Holding the line: The Adelaide Central School of Art across 30 years

When Rod Taylor and Heather Nicholson stood in the middle of the first floor of a disused warehouse just off Currie Street in the CBD of Adelaide in 1981, they could not have imagined the future of the little Art School as one of the three training institutions for professional visual artists in Adelaide, alongside the South Australian School of Art (University of SA) and Adelaide College of the Arts (TAFE).

The central philosophy even at this early stage was built around atelier training in the deep tradition of European art schools and a profound belief in a curriculum built without concession to fashion, both in art teaching and art practice. Drawing was at the core of the evolving curriculum that encompassed general drawing and life drawing. Rod Taylor was well grounded in drawing and painting following study at St Martins School of Art in London and was also trained in teaching. From this core, Rod and Heather crafted elegantly structured courses in drawing and painting in which real learning came from the teaching of content founded in practice.

It was not long before other artists sought teaching opportunities at the Bloor Court school. Kay Lawrence, Dianne Longley, Hossein Valamanesh, Sally Smart, Bruce Nuske and Bill Young, to name a few, developed courses in drawing, design, tapestry and printmaking. In 1982 others took ad hoc studio spaces in the remaining half of the first floor. Rory Richardson, Christopher Orchard, Stephan Twaine-Wood, Anna Platten, John Hinds, Peter Baka, Christian Kokai-Kun, and Leo Neuhofer became Central Studios Inc. in a symbiotic relationship with the school. It was this nucleus that formed the first of three major exhibitions charting the life of the Adelaide Central School of Art.

 

In May 2013 a commemorative exhibition, In the Beginning...
30 Years of Adelaide Central School of Art: the first 6 years, Bloor Court 1982-1988, curated by the CEO of ACSA, Ingrid Kellenbach and Gallery Manager Gloria Strzelecki, at the new Glenside site, brought together nine artists, (Rod Taylor, Anna Platten, Peter Baka, John Hinds, Kay Lawrence, Leo Neuhofer, Rory Richardson, Hossein Valamanesh and Christopher Orchard) from this period, presenting works from their time at Bloor Court. What was immediately apparent were the major preoccupations of each artist that would accompany them into mature practice. From the abstracted drawings of Kay Lawrence derived from the Adelaide Hills landscape and John Hinds' exquisitely crafted collages to the growing realism of Anna Platten’s insightful examinations of self, the exhibition clearly showed the breadth of searching practice surrounding the budding Art School.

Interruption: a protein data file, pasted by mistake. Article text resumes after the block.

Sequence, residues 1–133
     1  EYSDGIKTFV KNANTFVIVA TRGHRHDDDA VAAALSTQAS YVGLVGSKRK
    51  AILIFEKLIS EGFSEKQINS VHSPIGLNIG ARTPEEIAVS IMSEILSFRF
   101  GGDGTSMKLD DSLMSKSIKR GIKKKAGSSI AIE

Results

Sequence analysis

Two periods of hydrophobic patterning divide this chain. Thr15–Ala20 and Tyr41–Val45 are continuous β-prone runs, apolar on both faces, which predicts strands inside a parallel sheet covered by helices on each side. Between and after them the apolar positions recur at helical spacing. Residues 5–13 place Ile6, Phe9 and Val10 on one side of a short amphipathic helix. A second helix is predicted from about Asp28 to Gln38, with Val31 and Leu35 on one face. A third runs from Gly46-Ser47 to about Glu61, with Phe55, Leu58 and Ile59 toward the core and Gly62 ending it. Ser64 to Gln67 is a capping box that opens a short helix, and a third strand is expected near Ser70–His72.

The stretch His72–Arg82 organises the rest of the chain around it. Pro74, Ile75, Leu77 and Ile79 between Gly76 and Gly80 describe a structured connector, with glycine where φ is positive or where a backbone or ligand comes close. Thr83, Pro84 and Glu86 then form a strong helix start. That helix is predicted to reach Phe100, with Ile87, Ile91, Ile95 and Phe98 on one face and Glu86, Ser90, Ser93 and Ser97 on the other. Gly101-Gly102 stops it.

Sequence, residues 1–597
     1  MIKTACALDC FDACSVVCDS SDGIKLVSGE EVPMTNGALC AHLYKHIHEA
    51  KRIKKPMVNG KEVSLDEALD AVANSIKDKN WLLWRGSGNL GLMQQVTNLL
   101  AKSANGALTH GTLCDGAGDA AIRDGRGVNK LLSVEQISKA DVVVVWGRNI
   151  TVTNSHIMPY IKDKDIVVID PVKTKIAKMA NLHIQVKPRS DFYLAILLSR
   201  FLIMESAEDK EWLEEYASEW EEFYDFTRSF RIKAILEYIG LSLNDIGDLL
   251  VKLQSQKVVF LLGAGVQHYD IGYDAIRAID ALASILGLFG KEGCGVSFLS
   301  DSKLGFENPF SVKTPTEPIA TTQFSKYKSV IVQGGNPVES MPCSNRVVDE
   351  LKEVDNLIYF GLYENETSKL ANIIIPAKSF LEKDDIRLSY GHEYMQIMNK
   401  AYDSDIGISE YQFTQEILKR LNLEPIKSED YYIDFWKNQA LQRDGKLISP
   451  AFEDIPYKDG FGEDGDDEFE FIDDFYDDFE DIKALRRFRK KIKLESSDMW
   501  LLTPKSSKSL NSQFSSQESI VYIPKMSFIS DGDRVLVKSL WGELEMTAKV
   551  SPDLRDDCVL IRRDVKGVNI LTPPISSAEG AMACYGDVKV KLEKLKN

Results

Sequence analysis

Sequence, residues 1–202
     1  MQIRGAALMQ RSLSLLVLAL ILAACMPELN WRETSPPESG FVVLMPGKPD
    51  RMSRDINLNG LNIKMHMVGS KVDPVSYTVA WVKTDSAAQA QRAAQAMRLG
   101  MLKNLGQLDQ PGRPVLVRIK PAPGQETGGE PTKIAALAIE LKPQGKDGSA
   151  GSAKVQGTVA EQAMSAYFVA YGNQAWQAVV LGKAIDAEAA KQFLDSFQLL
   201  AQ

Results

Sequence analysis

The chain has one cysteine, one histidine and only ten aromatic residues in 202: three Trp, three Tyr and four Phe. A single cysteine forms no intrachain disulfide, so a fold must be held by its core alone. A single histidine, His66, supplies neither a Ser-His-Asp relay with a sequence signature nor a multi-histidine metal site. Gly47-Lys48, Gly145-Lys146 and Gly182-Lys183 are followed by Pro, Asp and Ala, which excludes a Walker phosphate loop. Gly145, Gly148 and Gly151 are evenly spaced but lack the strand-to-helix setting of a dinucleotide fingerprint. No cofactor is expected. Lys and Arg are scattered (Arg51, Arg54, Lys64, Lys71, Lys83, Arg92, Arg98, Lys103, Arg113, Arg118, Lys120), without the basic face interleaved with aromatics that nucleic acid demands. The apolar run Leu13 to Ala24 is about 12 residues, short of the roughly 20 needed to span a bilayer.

The second exhibition, Chapter Two...30 Years of Adelaide Central School of Art, Gilles St, 1989-1993, opened in April 2014. William (Bill) Anschutz, Johnny Dady, Rita Hall, Dee Jones, Anna Platten, Rory Richardson, Rod Taylor, Lisa Young and Christopher Orchard, all members of Central Studios still co-located with the School, exhibited works from the period.

It was at the Gilles Street site that Adelaide Central Gallery was created. Its first director was Sue Tweddell. Again, the exhibition showcased the growing maturity of each artist’s concerns and the truly beneficial effect the sharing of space and ideas had on their work. Incidentally, the parties at Gilles Street were legendary: from Driller Jet and his suspended turntable to formal dinners for 30 people in the abandoned second floor, looking like a scene from a Fellini movie as flamenco dancers clattered a ton of pigeon poo out of the floorboards into the studios below. As Anna Platten wrote,
"The time in Gilles Street seemed to be one of continual, accelerating and exhilarating change. This was happening to us all on an individual level as professional artists – we were then early in our careers – but significantly, in a collective way we formed part of a bigger whole that we loved and were committed to."

A third exhibition, Chapter Three, is planned for 2015 in which artists/lecturers who were at the Osmond Terrace site in Norwood will show works from the period 1994–2012. It will present a wonderful opportunity to see the work of a core group of artists who evolved with the school into a most stable, vital and productive centre of visual art practice and education.

Christopher Orchard, practising artist and founding member of Central Studios, was Head of Drawing at ACSA, member of Academic Board and received the Arts SA Fellowship 2010.

Support independent writing on the visual arts. Subscribe or donate here.